Acid Fast – Rabid Moon

  • Steven Farkas posted
  • Reviews

Acid Fast

Rabid Moon - Protagonist Music

Rabid Moon, the first full length from Oakland punks Acid Fast is full of hooks and melodies and even some 1960’s pop sensibilities buried under layers of distorted guitars and vocals. In some cases these can seem overdone and unneccesary, but generally speaking the whole thing works really well and has resulted in a very impressive debut. As the band features former members of Big Kids, it is unsurprising that the record has a very late 1990’s indie punk feel and you can easily pick out references to bands of the time such as Superchunk and The Breeders (although I’d also throw in a good dose of Atlanta alt-punks Magnapop as well).

With all that said, this record does stand on its own and contains some absolutely brilliant punk rock songs. Shred Forever features some of best crafted melodies I have heard in a long time and the shared lead vocal between Hannah Conda and Frank Mann works seamlessly to tell the story of being lost in the world, looking for a place to stop and rest. Old Ideas is the most Superchunk-ish song on the record, showcasing those 60’s pop sensibilities mentioned earlier framed by some brilliant fuzz guitar riffs.

New Paradigm Reading Co starts with a stoner – rock riff, which goes on just slightly too long before the verse kicks in and rewards you for persevering and not hitting the skip button. It competes with Tease, with its dark, personal lyrics (like) ‘and I always thought I knew what I would do when your all alone and they wont stop and you ask them to’ for top billing here. For my money, the former just edges it with its frantic pace and hooks which grab you at the first listen and never let go.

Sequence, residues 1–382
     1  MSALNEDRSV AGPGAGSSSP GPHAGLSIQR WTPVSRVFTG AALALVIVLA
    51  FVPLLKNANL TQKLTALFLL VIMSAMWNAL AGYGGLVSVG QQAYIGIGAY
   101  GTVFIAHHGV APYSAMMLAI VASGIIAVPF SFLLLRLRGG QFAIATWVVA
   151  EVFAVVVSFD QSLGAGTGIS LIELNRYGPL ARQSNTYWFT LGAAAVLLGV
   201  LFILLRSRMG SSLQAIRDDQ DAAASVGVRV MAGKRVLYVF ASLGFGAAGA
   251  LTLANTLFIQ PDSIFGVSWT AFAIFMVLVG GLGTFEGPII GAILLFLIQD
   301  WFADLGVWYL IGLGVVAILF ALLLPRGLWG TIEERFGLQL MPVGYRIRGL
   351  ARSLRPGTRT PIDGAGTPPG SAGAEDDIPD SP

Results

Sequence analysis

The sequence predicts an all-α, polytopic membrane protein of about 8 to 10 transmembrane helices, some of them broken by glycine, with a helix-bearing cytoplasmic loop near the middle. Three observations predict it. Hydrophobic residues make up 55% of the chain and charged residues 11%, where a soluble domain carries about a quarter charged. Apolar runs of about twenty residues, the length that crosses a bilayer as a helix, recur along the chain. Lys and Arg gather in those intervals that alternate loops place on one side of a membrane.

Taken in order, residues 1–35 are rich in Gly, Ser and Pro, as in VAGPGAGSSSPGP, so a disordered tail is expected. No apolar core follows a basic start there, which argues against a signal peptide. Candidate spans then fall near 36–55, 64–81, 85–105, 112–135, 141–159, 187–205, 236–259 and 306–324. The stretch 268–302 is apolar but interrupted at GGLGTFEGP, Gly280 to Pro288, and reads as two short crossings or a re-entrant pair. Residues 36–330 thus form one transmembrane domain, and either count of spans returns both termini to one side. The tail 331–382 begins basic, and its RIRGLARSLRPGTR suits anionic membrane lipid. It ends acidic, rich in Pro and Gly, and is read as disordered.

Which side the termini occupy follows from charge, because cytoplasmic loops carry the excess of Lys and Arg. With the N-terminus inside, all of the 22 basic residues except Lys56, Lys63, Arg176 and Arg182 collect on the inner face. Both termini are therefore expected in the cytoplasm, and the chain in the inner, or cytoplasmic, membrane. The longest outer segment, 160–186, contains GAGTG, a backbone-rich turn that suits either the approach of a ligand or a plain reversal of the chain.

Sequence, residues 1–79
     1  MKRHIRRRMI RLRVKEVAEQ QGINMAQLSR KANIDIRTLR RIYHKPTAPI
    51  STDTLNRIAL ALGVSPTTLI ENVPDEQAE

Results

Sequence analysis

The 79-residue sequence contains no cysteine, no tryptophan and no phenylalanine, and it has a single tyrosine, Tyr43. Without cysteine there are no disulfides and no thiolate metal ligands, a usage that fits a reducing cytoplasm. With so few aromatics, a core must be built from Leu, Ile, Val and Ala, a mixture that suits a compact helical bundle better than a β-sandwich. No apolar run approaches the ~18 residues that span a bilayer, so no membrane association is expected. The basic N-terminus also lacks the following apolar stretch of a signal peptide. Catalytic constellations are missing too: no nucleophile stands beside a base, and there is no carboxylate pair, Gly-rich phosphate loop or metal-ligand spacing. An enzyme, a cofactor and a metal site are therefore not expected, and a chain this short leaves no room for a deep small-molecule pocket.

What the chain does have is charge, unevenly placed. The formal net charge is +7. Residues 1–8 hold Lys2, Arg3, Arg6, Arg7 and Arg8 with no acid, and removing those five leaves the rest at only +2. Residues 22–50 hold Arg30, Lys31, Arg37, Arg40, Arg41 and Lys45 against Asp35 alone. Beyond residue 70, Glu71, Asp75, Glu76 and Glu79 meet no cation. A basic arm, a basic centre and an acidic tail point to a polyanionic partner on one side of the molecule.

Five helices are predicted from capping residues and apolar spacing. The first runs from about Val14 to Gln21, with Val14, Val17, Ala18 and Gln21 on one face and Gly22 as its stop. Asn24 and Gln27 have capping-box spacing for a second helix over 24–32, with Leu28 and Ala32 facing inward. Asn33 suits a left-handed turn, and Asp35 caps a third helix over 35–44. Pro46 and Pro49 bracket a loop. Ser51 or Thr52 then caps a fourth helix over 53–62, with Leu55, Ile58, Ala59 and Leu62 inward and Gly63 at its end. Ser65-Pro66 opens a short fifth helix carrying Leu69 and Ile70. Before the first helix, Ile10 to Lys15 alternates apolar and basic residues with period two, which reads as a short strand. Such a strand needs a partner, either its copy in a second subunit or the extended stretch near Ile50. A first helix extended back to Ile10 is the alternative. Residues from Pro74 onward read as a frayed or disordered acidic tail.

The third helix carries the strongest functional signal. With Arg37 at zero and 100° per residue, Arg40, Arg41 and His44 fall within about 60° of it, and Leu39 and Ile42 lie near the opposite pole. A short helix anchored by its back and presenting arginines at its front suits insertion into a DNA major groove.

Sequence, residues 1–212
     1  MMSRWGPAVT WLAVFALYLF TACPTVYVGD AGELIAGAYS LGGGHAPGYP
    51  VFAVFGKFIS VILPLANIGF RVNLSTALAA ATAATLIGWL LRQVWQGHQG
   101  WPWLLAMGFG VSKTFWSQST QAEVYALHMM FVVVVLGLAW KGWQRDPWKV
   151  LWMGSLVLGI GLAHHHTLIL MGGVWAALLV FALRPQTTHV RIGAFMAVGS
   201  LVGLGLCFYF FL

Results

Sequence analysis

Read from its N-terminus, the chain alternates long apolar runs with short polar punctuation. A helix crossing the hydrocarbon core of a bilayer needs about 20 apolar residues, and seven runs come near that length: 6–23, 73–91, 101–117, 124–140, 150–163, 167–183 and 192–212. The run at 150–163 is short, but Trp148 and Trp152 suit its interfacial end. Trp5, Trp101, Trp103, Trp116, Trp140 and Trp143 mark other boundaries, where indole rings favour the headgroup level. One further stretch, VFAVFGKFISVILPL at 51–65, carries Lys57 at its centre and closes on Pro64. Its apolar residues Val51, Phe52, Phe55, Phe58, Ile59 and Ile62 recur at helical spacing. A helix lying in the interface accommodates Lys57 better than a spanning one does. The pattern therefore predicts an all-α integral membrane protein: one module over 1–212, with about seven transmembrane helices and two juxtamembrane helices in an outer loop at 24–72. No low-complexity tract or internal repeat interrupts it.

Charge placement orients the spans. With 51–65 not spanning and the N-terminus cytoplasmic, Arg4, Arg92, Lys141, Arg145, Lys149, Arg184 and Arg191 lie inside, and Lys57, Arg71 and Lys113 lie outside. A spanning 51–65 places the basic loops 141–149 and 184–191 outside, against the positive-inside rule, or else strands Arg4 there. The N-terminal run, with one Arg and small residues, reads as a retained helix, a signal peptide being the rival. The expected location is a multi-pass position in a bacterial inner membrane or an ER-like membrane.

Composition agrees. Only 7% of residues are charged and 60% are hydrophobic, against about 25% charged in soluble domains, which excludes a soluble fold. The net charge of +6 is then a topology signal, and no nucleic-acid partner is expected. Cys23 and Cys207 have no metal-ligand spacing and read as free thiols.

There is a lot of the 90’s alt-rock playbook on offer here and in some cases, like Breaking Down The Door of the Law or Descending, the use of the distortion effect is a bit overdone, but the band have done an impressive job of taking past influences and creating something that sounds new and fresh in 2014. Even if you don’t think so yourself, the band offers this great bit of advice from legendary comic Cheech Marin (that features as the intro to Triangle Park):

Besides it’s just punk rock man, you know I don’t even have to know how to play, all you got to do is be a punk”